Tuesday, August 23, 2011

To Eat, or Not to Eat

Many of my favorite ways of relaxing go hand in hand with a snack.
Watching a movie-popcorn
Reading a book-milk and cookies
Laying in the Sun-chips

the list goes on and on. So, now that a case of diabetes has got in the way of me being allowed to snack, I am faced with a dilemma. I mean, who goes to the movies without buying popcorn? And who goes on picnics or watches football games without enjoying chips and dip? My doctors told me I would continue to live a normal life. So why am I feeling like an idiot, munching on celery, while my friends share a bucket of popcorn and look guiltily at me?

I haven't found a solution to this issue, yet. I want to stay upbeat, but I am secretly harboring a jealous anger that I cannot eat what I want to eat. Every now and again I splurge. I eat the popcorn and up my insulin units. I stuff my pie-hole with pie, and then exercise until I want to drop. There are ways to manage, yes. But, at least in this instance, what I want most of all is a cure for this chronic disease.

Tuesday, August 16, 2011

I'll have the special and eight units of apidra.

Restaurants have quickly become a fear of mine. Why, do you ask, should I fear a land where handsome waiters re-fill my soda and my friends and I can sit and chat while someone else makes our food? The reason is because I have quickly become addicted to having a shot or two with dinner. Not of tequila. Nor vodka. Not of anything you'd find behind the bar...but of insulin. And even a very well trained waiter can't help but give someone a second look when they are "shooting up."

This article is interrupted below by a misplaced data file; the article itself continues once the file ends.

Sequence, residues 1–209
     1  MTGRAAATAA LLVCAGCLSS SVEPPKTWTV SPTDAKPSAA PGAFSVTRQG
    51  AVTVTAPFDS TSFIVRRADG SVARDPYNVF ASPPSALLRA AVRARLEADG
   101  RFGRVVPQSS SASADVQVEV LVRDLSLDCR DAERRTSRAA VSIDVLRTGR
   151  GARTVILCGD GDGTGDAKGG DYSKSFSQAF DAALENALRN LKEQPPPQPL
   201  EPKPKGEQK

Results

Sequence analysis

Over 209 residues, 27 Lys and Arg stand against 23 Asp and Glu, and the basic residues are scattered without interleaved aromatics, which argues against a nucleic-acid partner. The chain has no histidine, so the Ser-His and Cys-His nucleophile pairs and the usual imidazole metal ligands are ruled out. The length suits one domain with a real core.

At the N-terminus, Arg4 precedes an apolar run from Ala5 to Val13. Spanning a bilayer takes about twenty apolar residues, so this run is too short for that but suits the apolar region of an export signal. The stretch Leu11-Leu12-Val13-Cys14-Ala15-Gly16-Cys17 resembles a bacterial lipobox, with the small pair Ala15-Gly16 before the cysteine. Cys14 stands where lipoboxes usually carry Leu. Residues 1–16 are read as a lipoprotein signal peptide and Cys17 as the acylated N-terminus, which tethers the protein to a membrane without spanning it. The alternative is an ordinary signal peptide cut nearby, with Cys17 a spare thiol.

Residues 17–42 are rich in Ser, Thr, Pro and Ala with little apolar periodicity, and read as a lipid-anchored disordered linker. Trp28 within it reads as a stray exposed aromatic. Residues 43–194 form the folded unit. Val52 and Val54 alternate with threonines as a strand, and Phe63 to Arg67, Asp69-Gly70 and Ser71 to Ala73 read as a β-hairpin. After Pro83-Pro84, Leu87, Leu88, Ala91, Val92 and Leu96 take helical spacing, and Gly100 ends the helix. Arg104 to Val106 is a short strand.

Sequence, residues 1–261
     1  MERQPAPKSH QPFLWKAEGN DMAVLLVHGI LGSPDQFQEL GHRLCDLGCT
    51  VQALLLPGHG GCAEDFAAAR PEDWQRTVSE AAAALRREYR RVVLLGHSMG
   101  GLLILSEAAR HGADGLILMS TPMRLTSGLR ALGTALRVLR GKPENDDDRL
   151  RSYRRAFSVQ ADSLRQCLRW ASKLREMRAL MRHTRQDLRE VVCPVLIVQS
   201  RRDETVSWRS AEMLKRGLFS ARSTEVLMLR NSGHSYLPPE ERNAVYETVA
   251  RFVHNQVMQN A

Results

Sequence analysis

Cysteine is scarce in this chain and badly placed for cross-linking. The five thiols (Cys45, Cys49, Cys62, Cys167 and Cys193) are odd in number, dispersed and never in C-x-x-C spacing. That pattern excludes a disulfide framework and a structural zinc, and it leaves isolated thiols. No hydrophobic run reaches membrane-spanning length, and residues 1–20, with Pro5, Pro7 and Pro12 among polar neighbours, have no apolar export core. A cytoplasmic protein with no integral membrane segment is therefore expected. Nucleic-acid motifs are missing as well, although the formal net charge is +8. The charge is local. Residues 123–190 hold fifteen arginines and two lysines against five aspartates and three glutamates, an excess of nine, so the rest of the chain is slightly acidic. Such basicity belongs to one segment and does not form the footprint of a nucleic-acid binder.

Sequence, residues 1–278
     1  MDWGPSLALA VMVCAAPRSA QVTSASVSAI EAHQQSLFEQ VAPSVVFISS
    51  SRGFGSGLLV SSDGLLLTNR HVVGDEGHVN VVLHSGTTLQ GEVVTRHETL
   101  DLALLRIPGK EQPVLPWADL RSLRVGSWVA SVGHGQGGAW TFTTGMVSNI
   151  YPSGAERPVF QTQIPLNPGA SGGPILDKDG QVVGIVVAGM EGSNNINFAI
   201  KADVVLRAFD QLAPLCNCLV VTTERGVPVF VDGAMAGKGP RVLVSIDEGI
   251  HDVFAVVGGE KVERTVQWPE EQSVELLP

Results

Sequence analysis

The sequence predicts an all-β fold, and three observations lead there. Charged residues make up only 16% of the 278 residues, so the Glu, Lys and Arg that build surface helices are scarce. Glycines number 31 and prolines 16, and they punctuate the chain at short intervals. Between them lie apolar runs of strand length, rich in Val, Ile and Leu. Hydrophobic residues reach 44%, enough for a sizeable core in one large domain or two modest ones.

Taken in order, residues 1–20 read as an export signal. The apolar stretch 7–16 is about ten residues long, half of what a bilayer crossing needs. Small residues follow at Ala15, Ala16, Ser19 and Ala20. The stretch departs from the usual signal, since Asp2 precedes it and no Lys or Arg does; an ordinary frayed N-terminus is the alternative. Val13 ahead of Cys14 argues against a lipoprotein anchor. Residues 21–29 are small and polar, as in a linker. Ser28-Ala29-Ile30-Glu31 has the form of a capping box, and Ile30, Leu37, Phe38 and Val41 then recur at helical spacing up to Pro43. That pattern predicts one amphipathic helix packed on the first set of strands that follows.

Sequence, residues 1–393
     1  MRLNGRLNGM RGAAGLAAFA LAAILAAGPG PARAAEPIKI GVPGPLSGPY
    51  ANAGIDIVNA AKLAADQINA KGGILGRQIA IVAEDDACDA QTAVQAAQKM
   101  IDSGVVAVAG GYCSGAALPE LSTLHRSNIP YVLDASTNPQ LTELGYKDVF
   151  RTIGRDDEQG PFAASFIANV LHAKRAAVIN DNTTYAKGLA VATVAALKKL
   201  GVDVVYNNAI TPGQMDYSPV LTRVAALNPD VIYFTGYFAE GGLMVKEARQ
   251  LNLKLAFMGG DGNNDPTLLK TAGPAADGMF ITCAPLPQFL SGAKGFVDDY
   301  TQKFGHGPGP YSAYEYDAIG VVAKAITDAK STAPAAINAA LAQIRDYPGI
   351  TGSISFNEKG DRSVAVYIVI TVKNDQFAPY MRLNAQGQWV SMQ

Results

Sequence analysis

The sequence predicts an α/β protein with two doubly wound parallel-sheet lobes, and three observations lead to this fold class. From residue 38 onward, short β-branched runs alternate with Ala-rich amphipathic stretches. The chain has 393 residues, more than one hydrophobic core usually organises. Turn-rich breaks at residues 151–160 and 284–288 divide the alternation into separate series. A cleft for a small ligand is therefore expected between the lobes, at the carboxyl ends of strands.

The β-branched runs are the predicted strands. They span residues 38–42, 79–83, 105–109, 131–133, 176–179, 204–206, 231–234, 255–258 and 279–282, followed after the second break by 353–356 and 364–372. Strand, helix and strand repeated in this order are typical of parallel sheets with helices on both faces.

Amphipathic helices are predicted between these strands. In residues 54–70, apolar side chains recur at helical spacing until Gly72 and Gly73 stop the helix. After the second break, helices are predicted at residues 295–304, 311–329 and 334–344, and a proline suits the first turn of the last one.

So what to do, then? Run to the bathroom if I need to take insulin? Hide under the table, or do it in the car before hand? Those aren't really options, unless I know ahead of time what I am eating. But I've found this odd situation as a perfect opportunity to educate a few people about diabetes.

When I was in the hospital, a room-visiting nun stopped by. She said I didn't look like the type of person who should have diabetes. I am tall, and thin, and young. But she said "on the bright side, now maybe you can help others not get diabetes."
I was shell shocked. Hare dare she imply I did this to myself?! Type 1 diabetes is a chronic disease that is just one of the perks of having my pancreas. I cried for an hour, and then I decided I would tell as many people as possible about type 1 diabetes.

So, although I would rather not have to explain that, no, it isn't drugs I am shooting into my arm, I don't mind teaching a waitress at the Olive Garden or a waiter at Red Robin about this disease I have.